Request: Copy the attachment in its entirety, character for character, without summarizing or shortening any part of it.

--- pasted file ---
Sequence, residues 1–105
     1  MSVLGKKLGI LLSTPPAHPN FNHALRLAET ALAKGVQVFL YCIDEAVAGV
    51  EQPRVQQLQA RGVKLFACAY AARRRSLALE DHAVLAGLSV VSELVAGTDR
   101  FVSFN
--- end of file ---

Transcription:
Sequence, residues 1–105
     1  MSVLGKKLGI LLSTPPAHPN FNHALRLAET ALAKGVQVFL YCIDEAVAGV
    51  EQPRVQQLQA RGVKLFACAY AARRRSLALE DHAVLAGLSV VSELVAGTDR
   101  FVSFN